Pakistan’s high court acquitted former prime minister Nawaz Sharif of hijacking charges Friday, paving the way for another run for office.
Attorney General Latif Khosa read a statement confirming the decision and congratulated Sharif, Express TV reported. A meeting between Sharif and Pakistani President Asif Ali Zardari will take place Friday at the Nawaz family residence in Lahore, presidential spokesman Farhat Ullah Babar told CNN. The Supreme Court banned Sharif from holding public office based on a criminal record dating back to the late 1990s. Sharif, then in his second stint as prime minister, refused to let an airliner carrying his dismissed military chief, Gen. Pervez Musharraf, and 200 other passengers land in Pakistan. Within hours, the army had deposed Sharif in a bloodless coup and the plane was allowed to touch down.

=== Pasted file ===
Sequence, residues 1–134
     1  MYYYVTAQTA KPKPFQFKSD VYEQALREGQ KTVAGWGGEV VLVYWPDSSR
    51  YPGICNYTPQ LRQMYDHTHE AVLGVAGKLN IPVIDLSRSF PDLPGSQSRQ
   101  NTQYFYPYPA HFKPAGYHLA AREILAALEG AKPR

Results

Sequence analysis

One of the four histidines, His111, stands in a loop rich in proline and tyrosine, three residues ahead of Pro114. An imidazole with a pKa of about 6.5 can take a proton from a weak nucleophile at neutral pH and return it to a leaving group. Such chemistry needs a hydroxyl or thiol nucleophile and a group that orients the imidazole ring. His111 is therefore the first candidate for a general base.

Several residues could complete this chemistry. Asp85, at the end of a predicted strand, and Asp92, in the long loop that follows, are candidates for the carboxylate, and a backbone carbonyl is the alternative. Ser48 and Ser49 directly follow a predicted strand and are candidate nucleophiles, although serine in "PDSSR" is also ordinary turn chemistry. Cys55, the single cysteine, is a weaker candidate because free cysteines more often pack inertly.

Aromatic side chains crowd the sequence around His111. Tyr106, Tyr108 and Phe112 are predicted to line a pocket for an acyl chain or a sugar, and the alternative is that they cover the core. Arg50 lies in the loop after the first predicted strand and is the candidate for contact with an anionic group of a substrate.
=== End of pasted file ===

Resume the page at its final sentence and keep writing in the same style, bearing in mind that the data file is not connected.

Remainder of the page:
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Musharraf later went on to become Pakistan’s president. An anti-terrorist court — set up by Sharif to dispense swift justice — convicted Sharif of hijacking and treason. He was sentenced to life in prison. Separately, Sharif was also convicted of corruption charges that year. The government struck a compromise, allowing him to go into exile in Saudi Arabia under the condition that he stayed out of politics for 10 years. Sharif, head of the Pakistan Muslim League-N political party, returned to his homeland in November 2007. The Supreme Court overturned the public office ban on Sharif earlier this year. The acquittal on criminal charges clears the slate for Sharif.